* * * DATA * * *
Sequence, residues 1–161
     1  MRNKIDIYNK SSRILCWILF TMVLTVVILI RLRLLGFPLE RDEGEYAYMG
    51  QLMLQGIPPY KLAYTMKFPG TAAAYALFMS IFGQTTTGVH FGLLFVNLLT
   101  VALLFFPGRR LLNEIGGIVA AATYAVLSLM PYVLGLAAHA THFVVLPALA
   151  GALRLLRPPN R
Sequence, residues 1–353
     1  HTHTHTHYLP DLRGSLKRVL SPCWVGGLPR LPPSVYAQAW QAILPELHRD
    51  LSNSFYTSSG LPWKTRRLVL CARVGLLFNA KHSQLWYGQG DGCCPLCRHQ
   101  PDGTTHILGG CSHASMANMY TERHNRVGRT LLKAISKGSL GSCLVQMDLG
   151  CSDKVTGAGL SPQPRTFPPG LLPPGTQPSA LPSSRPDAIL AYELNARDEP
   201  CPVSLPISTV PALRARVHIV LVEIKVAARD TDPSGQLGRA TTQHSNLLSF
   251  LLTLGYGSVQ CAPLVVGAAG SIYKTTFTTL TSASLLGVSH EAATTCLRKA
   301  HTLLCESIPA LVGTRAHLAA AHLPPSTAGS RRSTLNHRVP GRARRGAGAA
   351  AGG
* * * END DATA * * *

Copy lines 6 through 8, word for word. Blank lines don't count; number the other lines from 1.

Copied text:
Sequence, residues 1–353
     1  HTHTHTHYLP DLRGSLKRVL SPCWVGGLPR LPPSVYAQAW QAILPELHRD
    51  LSNSFYTSSG LPWKTRRLVL CARVGLLFNA KHSQLWYGQG DGCCPLCRHQ